The Mission of the Capital City Organic Gardeners is to collectively share, learn and teach organic vegetable gardening methods to each other. For our May meeting, CCOG gardeners shared their tips for growing perennial edibles. We talked about dandelions, asparagus and rhubarb for this meeting. There are so many edible perennials that gardeners can grow. We only touched on a few and filled the hour!
Starting out with some yummy treats, Mary brought in some delicious Dandelion Cheese Squares to share with the group. Thinking about dandelions as a vegetable and not a weed takes a shift in thinking but the truth is that European settlers brought dandelion seeds to America for food and medicine. The health benefits from eating dandelions are astounding. As one of the first greens that appear in the spring, it would benefit all of us to learn more about it’s healthful properties and work to incorporate dandelions into our diet. Caution! When gathering dandelion greens, make sure you harvest young greens from areas that have not been treated with lawn chemicals. Check out The Health Benefits of Dandelions by Aparup Mukherjee. For advice on cooking dandelions along with some other wild greens, download this article, Facts on Edible Wild Greens in Maine.
Karen did some research on asparagus to share with the group. Asparagus needs sandy, slightly acidic, well-drained soil and should be planted around 8″deep. They enjoy 6 to 8 hours of sun a day. Make sure the rows are 2′ apart. Dig a 8″ deep trench and plant the crowns 12-15″ apart. Cover with 2″of soil. As plants begin to grow, keep adding soil 2″ at a time until it is mounded up into a hill.
When choosing asparagus to plant, consider choosing Jersey Male Hybrids. They are the most prolific.
The first and second year that the asparagus comes up, do not harvest. Let the stalks grow into ferns, then cut the ferns back late in the fall after a hard frost. The ferns provide energy to the plant. You can tie up the ferns with stakes and twine so they don’t flop over and stay neat.
The third year you can start to harvest. Cut the asparagus when it is 8″ to 12″ tall. Cut for the first 10 days to 2 weeks, then let the asparagus go to ferns. Each year, you can cut more asparagus for a longer period of time as the plant becomes more robust.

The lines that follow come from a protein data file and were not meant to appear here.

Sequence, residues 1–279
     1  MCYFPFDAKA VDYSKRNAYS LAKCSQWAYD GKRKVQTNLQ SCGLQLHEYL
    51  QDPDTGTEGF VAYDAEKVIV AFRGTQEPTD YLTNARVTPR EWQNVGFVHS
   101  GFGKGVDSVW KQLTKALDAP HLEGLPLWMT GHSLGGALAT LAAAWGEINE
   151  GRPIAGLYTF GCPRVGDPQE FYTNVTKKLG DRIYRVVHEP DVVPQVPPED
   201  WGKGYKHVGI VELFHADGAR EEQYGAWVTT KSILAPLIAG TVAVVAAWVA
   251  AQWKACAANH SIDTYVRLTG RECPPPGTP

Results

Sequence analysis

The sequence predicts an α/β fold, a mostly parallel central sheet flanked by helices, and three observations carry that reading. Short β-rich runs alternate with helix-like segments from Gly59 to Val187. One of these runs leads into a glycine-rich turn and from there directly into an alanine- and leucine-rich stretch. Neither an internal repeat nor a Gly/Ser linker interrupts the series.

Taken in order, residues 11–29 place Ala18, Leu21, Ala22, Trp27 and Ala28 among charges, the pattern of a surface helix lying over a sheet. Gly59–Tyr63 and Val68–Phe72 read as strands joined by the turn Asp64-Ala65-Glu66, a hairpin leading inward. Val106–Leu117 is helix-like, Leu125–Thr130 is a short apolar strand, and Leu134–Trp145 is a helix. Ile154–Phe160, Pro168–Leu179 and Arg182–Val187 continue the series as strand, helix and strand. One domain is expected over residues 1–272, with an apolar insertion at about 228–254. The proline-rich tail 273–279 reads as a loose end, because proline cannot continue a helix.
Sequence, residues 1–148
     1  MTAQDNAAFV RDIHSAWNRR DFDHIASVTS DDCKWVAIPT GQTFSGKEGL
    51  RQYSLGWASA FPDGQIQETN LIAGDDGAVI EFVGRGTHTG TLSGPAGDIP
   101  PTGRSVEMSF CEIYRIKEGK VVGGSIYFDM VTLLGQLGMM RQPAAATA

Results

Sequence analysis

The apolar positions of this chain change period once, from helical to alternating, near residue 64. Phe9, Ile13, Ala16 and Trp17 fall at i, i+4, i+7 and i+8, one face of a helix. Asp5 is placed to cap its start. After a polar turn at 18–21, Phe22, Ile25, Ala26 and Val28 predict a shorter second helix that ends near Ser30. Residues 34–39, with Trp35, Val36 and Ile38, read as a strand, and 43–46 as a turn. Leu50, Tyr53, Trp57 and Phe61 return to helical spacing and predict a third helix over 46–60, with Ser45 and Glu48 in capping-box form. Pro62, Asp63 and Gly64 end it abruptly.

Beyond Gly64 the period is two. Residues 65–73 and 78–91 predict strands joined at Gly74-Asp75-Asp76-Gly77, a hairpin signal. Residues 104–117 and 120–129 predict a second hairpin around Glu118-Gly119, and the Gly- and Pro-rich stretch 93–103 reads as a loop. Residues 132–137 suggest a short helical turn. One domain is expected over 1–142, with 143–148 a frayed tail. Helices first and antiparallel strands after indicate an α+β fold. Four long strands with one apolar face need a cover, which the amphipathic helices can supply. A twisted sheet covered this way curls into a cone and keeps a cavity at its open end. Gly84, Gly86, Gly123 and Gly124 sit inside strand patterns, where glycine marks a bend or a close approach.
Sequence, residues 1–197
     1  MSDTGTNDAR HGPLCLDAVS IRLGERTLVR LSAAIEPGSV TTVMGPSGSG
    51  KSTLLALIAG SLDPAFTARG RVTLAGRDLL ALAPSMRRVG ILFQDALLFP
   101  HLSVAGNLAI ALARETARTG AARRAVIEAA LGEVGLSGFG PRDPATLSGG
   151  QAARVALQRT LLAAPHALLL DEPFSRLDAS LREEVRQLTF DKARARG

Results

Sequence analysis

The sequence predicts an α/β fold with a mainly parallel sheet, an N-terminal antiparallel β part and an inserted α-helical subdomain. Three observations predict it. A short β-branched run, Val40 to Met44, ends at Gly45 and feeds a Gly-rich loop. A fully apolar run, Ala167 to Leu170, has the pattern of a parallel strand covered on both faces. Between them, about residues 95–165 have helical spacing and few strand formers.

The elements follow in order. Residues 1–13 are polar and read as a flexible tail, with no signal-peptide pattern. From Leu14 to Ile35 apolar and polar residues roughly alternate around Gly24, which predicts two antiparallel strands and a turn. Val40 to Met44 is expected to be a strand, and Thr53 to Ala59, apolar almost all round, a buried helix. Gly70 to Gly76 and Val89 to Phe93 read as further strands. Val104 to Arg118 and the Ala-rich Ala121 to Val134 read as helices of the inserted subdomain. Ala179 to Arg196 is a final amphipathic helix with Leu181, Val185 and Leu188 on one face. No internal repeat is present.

Establishing an asparagus bed takes time and patience. However, once it is established you can harvest this spring vegetable for up to 20 years! What a treat!
Claudia shared her experiences with growing rhubarb. This tart plant originated in China. Once you establish a patch of rhubarb, you have it for life!
To plant, dig a nice big hole, add in a little manure, then plant it and let it go. Rhubarb can tolerate some shade but not too much. The first year, don’t harvest the stalks. The second year, pull a few for a pie or two. To harvest, pull and twist out the stalks. After that, you can harvest almost as much as you like. Pull stalks that are about the size of your thumb for the best flavor. Be sure to leave at least a third of the plant at the end of the season. Always cut down the flower stalk when it begins to appear.
A final word of caution! Never eat rhubarb leaves. They are poisonous. Just cut off the leaves and throw them in your compost. Use the stalks for cooking.
Check our the article that Claudia wrote for the Concord Insider entitled, “Rhubarb-a neighborly plant perfect for pies” .
We all enjoyed our meeting sharing our knowledge with our fellow gardeners. So many fruits, vegetables and grow as perennials! You can pack an entire garden with edible perennials and enjoy eating from your garden with very little labor. For a complete list, download this handout. Please note: Not all of the plants are appropriate for New England, so do some more research before planting.
Dandelion Photo: Wikimedia Commons by Arcanewizard
Asparagus Photo: Wikimedia Commons by Muffet
Rhubarb Photo: Wikimedia Commons by Mwri